Children love big words. I believe it is a mistake to "dumb down" language when reading or talking to a small child. Some of my favorite children's book authors use absolutely gorgeous language. I read that Roald Dahl used to collect lists of words that he would later use in his books. “When you’re describing something or someone,” he said, “you can’t just choose dull words like beautiful, pretty or nice. You must search for more meaty and imaginative words.” Therefore, you may get words like sparkling, radiant, or dazzling when reading a Dahl description of a lovely person, or repulsive, repugnant, or venomous when reading about a nasty character.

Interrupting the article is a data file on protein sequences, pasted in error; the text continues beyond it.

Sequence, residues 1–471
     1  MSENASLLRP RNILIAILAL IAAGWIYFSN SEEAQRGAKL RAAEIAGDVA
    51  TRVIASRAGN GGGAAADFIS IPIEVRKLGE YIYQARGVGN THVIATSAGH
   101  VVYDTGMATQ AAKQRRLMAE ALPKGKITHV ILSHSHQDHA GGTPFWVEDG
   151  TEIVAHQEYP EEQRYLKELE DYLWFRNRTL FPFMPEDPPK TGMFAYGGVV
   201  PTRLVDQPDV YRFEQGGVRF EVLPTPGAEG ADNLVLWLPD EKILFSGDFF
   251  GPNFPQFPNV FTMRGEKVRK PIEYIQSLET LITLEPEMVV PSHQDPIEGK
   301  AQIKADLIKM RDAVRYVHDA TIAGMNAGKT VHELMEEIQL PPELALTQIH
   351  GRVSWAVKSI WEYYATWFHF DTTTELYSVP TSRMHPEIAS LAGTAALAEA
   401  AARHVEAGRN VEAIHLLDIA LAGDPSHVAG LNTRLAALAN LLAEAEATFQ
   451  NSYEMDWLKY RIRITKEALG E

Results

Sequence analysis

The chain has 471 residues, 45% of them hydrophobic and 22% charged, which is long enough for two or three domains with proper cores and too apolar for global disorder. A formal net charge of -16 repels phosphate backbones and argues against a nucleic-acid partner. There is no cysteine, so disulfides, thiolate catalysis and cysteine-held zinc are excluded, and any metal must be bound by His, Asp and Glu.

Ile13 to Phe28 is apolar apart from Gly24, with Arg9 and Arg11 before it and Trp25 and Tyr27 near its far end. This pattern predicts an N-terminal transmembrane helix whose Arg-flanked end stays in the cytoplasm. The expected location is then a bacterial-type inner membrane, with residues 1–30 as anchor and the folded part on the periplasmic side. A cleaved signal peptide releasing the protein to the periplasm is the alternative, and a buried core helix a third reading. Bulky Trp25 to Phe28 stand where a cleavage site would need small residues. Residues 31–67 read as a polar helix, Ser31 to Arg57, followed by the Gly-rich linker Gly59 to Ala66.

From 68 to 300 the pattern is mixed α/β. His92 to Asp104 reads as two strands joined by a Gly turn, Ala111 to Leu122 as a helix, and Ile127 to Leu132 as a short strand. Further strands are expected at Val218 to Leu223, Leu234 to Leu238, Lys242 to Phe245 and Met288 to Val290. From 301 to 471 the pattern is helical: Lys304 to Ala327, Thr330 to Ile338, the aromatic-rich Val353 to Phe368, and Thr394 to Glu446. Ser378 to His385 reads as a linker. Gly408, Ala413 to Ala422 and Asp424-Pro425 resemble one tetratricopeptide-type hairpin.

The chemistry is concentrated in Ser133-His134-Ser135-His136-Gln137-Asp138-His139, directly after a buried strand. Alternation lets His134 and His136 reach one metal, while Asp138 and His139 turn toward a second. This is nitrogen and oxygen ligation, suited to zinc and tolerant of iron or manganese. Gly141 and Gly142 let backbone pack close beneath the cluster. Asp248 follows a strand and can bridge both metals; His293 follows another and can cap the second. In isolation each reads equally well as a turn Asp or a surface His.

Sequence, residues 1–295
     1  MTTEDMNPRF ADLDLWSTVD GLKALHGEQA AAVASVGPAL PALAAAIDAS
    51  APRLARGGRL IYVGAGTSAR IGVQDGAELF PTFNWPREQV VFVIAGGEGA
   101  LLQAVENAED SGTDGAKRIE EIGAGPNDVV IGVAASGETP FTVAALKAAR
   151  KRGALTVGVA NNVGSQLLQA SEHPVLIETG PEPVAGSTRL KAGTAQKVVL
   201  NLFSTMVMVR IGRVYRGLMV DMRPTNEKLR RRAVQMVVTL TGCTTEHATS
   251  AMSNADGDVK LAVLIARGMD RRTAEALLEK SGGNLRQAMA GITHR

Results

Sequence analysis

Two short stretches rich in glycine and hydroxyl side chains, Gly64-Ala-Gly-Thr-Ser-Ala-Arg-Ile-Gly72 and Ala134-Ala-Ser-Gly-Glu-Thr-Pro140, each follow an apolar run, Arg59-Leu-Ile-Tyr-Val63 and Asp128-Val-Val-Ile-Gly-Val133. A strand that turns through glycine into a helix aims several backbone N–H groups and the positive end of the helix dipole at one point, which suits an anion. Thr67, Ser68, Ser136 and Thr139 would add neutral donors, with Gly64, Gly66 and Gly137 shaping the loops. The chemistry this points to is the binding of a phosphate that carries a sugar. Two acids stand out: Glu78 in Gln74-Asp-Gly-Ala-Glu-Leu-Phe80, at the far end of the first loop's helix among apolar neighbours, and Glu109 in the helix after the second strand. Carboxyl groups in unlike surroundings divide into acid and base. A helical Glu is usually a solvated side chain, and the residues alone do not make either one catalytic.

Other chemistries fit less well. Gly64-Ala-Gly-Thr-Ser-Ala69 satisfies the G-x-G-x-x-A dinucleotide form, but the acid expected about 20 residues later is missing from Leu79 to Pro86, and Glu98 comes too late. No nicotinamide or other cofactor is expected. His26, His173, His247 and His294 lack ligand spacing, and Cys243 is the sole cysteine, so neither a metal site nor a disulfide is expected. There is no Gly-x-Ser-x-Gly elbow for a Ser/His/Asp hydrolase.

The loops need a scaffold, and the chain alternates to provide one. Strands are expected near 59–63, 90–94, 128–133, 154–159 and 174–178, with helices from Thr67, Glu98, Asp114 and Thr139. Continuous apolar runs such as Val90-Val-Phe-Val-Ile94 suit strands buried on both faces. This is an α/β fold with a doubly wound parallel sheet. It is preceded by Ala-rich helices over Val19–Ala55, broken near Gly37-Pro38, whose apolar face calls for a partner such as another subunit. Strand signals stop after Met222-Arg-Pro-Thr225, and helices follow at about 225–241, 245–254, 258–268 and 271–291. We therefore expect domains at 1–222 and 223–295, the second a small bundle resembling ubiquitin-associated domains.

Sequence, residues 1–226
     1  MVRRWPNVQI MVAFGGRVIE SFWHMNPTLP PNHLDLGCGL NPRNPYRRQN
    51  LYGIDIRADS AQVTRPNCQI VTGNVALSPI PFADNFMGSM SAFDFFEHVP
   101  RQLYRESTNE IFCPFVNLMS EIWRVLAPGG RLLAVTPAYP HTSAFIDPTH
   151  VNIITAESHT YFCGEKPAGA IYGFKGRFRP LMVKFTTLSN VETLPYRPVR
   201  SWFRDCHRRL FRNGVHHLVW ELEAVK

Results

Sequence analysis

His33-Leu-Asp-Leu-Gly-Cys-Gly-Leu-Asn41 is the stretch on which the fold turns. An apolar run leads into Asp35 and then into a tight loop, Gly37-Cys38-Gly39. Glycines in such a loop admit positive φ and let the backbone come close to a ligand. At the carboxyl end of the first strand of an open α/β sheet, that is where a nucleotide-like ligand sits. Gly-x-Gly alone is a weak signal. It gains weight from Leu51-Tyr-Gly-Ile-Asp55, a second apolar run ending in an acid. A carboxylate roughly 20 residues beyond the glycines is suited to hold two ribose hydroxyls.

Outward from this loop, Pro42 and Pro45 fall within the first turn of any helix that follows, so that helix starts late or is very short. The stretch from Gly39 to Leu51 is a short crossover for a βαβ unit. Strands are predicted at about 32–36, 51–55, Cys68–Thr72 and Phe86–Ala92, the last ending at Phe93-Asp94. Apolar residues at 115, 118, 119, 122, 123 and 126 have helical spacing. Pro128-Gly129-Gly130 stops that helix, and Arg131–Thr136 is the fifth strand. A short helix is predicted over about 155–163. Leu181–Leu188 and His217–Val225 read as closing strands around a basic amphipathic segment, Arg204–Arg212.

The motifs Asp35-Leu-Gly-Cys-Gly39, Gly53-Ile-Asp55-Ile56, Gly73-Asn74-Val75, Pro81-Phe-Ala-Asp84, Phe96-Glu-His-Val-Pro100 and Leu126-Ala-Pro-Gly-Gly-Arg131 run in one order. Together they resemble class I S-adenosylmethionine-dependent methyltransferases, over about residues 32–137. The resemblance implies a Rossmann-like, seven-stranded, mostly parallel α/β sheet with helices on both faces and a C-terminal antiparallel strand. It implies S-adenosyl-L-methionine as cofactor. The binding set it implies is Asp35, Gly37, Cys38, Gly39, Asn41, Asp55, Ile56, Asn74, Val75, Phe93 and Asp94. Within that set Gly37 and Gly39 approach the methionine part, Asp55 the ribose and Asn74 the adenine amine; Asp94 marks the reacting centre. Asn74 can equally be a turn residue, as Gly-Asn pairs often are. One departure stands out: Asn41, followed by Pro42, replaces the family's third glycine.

We started the day with a Word of the Day. On the board I had written CANTANKEROUS. I gave hints about its meaning, including using it in several sentences. It was also hidden in our mystery message. Finally, someone guessed that it meant cranky. We came up with several more synonyms like angry, grumpy, grouchy, mad. I mentioned that it was a describing word, called an adjective. Children copied the word in their journals and wrote a sentence using the word. Some added a picture.
Finally, I challenged the children to use their new word throughout the day. Perhaps your child will tell you that they will be cantankerous if asked to clean up their room after dinner!